Dignitaries and officials at a cultural site.
India is rediscovering its ties with Kazakhstan, courtesy the military campaigns of a Kazakh prince who was the governor and the de facto ruler of Kashmir in the 16th century.
Kazakh prince Mirza Muhammad Haidar Dughlat Beg of Turkish-Mongol lineage died in Kashmir at the age of 51.
The restoration of the grave of Mirza Muhammad Haidar Dughlat Beg in Srinagar has been a labour of love for the Kazakh embassy in India and the Archaeological Survey of India (ASI).
Prince Haidar was a first cousin of Prince Zahir of the Shahmiri dynasty. Prince Zahir later became known as Emperor Babur, the first of the Mogul dynasty in India. Their mothers were sisters.
For the Kazakh embassy, restoration of the grave of Mirza Dughlat Beg is part of the preservation of the history of the Kazakh people, and its statehood. The grave of this revered Kazakh military general lies in Zaina Kadal, part of the old city of Srinagar.
The grave is part of the “Mazar-i-Salatin” (Cemetery of the Kashmir Sultans of the Empire of the Great Mughals). This cemetery also includes the tomb of the mother of the longest-serving Shahmiri King, Sultan Zainulabideen.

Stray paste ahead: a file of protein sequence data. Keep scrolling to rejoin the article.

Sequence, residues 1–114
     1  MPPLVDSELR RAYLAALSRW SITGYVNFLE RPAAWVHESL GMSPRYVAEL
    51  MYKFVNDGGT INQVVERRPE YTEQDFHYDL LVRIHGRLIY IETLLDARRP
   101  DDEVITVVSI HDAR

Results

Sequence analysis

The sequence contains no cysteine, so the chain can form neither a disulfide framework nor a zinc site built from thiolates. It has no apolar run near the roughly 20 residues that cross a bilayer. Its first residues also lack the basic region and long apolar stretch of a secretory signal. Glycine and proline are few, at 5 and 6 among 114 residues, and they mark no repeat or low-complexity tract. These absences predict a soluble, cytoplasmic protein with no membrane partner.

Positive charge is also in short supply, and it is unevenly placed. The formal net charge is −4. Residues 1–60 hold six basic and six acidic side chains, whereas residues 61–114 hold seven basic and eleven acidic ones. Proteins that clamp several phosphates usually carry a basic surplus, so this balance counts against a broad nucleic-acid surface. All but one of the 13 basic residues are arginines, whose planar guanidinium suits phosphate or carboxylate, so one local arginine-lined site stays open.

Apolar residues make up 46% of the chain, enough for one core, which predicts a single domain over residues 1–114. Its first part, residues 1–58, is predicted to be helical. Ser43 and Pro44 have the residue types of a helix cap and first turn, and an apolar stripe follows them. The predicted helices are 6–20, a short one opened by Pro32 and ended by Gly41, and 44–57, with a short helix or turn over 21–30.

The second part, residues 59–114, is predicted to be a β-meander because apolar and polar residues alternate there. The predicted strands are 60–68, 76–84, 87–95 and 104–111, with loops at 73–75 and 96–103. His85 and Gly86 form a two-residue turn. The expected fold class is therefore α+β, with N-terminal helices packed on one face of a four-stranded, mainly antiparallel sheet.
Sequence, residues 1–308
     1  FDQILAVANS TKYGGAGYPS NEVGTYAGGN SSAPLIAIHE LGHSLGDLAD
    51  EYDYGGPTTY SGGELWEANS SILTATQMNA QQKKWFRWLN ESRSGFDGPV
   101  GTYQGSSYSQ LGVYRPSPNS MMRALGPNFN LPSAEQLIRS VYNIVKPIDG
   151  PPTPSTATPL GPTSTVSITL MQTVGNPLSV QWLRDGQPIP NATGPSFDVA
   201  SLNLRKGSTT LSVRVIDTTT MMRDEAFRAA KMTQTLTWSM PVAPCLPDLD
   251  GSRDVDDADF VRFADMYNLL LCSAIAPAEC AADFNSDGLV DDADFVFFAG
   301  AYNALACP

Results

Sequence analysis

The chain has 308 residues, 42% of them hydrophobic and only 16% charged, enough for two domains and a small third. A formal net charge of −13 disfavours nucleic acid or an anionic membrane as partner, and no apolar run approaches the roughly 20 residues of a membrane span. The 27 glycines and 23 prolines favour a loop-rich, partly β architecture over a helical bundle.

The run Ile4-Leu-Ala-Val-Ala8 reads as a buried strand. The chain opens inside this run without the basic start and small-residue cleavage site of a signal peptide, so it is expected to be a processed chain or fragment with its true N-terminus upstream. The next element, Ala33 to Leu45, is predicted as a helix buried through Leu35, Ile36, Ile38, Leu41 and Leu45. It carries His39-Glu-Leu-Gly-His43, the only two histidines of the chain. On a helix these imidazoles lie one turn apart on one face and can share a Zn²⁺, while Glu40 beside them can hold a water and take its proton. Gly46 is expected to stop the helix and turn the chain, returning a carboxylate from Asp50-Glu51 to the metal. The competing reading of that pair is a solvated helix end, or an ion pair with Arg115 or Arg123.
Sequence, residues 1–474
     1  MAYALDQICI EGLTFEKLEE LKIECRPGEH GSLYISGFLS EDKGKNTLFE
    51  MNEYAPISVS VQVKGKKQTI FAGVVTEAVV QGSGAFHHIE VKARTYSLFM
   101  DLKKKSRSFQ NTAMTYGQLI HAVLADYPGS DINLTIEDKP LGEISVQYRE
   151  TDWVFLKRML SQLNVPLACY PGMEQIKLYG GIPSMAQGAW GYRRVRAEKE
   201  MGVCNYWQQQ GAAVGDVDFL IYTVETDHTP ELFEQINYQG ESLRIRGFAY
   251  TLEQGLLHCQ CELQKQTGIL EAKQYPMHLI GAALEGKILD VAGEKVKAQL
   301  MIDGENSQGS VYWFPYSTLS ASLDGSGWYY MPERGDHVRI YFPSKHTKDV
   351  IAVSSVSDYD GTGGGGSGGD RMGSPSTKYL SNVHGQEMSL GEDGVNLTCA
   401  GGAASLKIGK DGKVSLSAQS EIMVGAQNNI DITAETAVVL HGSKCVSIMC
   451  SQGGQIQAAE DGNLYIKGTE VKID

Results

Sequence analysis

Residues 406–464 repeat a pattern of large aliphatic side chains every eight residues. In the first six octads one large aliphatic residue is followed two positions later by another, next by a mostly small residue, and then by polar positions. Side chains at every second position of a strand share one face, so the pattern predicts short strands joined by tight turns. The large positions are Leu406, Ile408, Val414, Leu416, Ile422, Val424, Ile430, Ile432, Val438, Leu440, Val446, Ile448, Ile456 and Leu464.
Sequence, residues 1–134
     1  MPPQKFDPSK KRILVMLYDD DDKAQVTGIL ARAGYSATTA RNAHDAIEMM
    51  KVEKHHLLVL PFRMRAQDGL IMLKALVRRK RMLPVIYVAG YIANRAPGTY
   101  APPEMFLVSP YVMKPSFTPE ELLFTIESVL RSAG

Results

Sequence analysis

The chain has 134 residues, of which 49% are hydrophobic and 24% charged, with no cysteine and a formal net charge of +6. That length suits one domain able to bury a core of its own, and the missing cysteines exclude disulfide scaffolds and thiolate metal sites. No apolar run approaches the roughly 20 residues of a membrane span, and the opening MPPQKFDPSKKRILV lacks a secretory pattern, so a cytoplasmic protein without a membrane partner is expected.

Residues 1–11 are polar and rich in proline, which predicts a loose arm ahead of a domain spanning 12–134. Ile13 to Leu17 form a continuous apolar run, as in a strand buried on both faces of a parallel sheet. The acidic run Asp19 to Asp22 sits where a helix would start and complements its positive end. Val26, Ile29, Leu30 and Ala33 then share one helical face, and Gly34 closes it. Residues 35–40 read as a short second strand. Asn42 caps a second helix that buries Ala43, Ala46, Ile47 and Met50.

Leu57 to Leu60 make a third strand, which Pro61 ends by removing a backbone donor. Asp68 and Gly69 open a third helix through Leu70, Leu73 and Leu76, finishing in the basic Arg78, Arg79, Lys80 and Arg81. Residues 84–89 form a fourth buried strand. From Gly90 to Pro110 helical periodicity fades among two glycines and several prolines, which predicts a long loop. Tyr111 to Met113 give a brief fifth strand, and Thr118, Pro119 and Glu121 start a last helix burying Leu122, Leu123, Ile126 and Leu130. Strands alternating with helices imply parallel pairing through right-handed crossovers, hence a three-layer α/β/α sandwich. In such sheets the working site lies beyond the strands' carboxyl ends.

Mirza Muhammad Haidar Dughlat Beg, born in 1500, was a Chagatai Turco-Mongol military general, the ruler of Kashmir, and a historical writer. He was a Turkic speaking Dughlat prince who wrote in the Persian and Chagatai languages.
His 10-year reign in Kashmir ended in 1551, when he was killed while fighting against a revolt. His grave is in one section of the massive royal graveyard at Zaina Kadal, along with seven other graves that are being restored by the ASI. The royal grave was washed away during the devastating flood in Kashmir in 2014.
In January 2018, the Kazakhstan Embassy in India held the solemn opening of the restored grave of Mirza Dughlat Beg, with the support and participation of the Archaeological Survey of India.
The restoration of the grave as well as the preparation and installation of the informational desk were the result of more than two years of work.
For the Republic of Kazakhstan, the restoration of the grave is part of their state’s efforts to preserve the history of the Kazakh people. The Kazakh regard Mirza Dughlat Beg as an outstanding son of the Kazakh steppes, representative of the ancient Kazakh tribe Duglat.
Mirza Dughlat Beg was not only a military general, but also a prominent politician and historian of his times. His historical work Tarikh-i-Rashidi (History of Rashid), written in Persian, is a personal memoir combined with Central Asian history. The book contains priceless information about the formation of the Kazakh Khanate (the Kazakh state), as well as the events of that time took place on Kazakhstan territory and also in Kashmir.